With the pilot attaining hero status in India and the hashtag #WelcomeBackAbhi swiftly trending on social media, India’s Prime Minister Modi called on his citizens to “stand as a wall” in the face of an enemy that “seeks to destabilise India”.

The tit-for-tat cross border raids have alarmed world powers including China and the United States, who have urged restraint.

Pakistan has closed its airspace indefinitely, stranding thousands of passengers worldwide; and the army said Thursday its troops were also on high alert along the de facto Kashmir border, the Line of Control.

Pakistan has said it downed two Indian fighters this week, while India confirmed it had lost one plane and on Thursday reaffirmed its claim to have shot down a Pakistani F-16 jet.

Pakistan PM Khan warned his Indian counterpart Modi not to see his desire to de-escalate as “weakness”.

“India must know that we will be forced to strongly retaliate against any Indian action in the future,” he said.

– Pilot’s ‘mishap’ –

US President Donald Trump voiced optimism earlier Thursday that the India-Pakistan tensions could soon be resolved.

“We have had some reasonably decent news… Hopefully that’s going to be coming to an end,” he told reporters in Hanoi after a summit with North Korean leader Kim Jong Un.

Modi has called on his citizens to

Modi has called on his citizens to “stand as a wall” in the face of an enemy that “seeks to destabilise India”
ABDUL MAJEED, AFP

Indian government sources said they were unsure what Trump was referring to.

The confrontation erupted after a suicide bombing in Indian-held Kashmir killed 40 troops on February 14, in an attack claimed by the Pakistan-based Jaish-e-Mohammad militant group.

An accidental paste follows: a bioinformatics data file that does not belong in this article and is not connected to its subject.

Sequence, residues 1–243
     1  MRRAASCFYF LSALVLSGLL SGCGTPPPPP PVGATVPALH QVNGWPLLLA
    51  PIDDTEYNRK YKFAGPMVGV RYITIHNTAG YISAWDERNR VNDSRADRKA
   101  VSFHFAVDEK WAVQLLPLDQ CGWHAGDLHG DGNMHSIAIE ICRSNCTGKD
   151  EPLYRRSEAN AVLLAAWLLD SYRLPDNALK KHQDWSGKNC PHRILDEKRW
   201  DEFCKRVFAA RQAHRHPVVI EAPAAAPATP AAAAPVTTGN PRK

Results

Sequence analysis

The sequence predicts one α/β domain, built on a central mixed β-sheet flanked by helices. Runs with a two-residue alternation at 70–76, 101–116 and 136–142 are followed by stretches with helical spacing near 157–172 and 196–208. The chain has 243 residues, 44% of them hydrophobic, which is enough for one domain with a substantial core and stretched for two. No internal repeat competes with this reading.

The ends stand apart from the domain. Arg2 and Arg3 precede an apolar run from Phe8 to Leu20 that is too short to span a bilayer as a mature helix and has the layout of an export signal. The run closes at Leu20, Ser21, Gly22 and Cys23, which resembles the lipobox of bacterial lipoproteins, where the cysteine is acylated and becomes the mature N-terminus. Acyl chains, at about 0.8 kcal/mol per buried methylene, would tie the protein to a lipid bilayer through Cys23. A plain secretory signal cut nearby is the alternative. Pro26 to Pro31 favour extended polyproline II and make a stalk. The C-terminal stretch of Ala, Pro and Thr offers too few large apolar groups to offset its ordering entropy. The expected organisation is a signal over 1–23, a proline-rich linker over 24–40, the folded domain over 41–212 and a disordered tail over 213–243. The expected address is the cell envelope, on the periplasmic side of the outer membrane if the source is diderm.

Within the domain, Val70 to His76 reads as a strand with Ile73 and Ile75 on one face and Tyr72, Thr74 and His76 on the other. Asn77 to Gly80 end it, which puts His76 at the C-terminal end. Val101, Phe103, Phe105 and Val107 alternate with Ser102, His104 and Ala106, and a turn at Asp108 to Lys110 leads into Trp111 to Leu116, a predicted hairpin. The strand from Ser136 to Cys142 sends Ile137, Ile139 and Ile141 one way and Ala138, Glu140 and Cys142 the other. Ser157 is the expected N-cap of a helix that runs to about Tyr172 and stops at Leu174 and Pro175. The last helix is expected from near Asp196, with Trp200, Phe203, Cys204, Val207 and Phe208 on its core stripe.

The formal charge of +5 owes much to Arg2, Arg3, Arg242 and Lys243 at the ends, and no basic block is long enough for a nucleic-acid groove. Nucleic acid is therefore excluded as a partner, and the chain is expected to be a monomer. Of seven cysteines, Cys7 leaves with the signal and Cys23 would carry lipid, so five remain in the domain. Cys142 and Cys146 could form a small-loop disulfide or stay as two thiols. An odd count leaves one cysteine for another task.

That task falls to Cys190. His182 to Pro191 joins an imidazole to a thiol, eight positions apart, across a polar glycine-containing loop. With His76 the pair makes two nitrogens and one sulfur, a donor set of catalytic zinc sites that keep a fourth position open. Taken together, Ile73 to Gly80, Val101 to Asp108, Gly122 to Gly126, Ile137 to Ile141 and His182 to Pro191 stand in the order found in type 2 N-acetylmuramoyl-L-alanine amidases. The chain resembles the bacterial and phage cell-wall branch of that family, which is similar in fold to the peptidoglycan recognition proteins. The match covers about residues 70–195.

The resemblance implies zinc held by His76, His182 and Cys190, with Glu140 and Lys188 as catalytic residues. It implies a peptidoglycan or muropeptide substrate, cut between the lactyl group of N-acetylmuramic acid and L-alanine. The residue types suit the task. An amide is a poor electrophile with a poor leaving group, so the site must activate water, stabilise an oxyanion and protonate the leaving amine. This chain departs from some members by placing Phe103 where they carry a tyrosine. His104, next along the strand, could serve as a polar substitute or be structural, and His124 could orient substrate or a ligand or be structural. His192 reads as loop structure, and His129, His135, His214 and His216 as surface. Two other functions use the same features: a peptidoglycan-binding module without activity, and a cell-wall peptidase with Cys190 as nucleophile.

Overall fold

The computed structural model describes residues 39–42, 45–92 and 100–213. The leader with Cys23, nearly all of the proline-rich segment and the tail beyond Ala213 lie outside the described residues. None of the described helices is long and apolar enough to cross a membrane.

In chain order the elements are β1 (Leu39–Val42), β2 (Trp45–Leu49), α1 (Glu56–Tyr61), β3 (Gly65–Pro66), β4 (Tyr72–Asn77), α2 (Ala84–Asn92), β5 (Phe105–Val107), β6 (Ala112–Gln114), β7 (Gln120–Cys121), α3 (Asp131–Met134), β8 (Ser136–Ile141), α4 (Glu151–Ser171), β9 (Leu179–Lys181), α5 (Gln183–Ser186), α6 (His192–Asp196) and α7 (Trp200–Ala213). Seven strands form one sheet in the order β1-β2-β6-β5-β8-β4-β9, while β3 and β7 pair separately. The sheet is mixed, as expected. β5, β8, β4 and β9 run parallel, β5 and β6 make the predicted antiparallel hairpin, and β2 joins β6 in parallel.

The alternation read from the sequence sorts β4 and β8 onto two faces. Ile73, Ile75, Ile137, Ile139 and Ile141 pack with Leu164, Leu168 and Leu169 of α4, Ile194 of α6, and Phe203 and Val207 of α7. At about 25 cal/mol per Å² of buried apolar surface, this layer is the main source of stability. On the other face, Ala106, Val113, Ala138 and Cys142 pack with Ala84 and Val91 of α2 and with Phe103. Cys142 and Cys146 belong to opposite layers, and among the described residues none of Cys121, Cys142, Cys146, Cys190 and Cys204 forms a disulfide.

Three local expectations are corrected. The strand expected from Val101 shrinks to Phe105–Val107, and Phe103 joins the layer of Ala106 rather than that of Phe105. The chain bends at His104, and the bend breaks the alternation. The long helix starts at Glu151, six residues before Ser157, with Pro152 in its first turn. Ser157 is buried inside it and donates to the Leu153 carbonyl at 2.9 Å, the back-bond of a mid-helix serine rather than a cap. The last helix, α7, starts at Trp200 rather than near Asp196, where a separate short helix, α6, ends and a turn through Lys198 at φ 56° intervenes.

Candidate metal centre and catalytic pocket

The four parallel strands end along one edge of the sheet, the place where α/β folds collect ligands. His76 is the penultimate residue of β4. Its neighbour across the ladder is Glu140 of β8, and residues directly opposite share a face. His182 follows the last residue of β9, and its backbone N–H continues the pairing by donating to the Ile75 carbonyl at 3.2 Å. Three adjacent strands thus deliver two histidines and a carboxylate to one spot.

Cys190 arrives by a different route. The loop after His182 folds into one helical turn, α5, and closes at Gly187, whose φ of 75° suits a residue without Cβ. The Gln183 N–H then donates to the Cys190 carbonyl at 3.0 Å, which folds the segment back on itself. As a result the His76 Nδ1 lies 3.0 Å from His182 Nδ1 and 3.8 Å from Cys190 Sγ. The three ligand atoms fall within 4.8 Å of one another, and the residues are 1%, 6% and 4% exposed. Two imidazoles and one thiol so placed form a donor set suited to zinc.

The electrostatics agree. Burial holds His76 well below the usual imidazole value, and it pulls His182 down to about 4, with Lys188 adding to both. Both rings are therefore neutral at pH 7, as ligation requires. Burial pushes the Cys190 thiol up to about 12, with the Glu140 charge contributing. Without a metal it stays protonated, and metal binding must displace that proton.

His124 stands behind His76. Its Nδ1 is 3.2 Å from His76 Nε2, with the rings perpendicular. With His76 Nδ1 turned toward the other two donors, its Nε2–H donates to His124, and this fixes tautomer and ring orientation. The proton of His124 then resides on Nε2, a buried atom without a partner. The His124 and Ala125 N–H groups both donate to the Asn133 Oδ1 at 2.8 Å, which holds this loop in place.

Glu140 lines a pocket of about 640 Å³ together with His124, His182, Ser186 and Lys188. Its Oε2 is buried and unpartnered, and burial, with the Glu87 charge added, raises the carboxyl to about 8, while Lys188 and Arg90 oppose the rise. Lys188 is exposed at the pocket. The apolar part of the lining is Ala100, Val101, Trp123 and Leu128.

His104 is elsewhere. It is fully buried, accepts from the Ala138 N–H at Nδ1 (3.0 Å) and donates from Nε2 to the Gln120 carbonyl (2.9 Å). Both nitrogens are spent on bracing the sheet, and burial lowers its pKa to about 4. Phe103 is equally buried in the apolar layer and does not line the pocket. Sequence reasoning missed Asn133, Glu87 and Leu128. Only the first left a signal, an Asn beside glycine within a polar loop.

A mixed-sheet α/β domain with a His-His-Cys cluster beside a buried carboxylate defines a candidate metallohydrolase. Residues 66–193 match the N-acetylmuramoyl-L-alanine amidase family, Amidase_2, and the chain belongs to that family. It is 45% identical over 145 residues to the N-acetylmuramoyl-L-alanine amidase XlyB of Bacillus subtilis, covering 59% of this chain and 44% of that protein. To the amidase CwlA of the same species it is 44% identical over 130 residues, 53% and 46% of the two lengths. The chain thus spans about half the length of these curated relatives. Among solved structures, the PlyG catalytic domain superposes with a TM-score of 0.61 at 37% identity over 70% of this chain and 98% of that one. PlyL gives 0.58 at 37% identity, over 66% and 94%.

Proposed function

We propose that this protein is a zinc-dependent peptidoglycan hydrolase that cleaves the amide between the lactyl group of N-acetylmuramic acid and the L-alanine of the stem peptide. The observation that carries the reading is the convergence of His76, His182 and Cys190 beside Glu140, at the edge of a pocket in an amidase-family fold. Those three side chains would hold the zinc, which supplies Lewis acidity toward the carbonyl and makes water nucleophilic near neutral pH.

Twelve days later Indian warplanes launched a strike inside Pakistani territory and claimed to have hit a militant training camp.

An infuriated Islamabad denied major casualties or damage, but a day later launched its own incursion across the Line of Control which sparked the dogfight that ended in Varthaman’s capture.

A viral video apparently taken soon after his plane was shot down purportedly showed Varthaman being dragged and beaten by a group of men as Pakistani soldiers intervened, shouting “Stop! Stop!”

Pakistani soldiers stand next to what Islamabad says is the wreckage of an Indian fighter jet shot d...

Pakistani soldiers stand next to what Islamabad says is the wreckage of an Indian fighter jet shot down in Pakistan- controlled Kashmir
STR, AFP

Pakistani foreign ministry spokesman Mohammad Faisal told reporters Thursday that the pilot had “some mishap before our officers reached there because he was caught by the public”.

But he stressed the pilot was now “with us, he is safe and in good condition”.

A video released by the Pakistani military later showed Varthaman sipping tea, his face swollen and sporting bruises but otherwise collected and calm.

He thanked the “thorough gentlemen” who rescued him from the mob and complimented the tea as “fantastic”. It was unclear if he had been coerced to speak.

Kashmir has been divided and disputed by India and Pakistan since 1947. The two countries have fought two of their three wars over the region.

burs-tw/amu

AFP
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With 2,400 staff representing 100 different nationalities, AFP covers the world as a leading global news agency. AFP provides fast, comprehensive and verified coverage of the issues affecting our daily lives.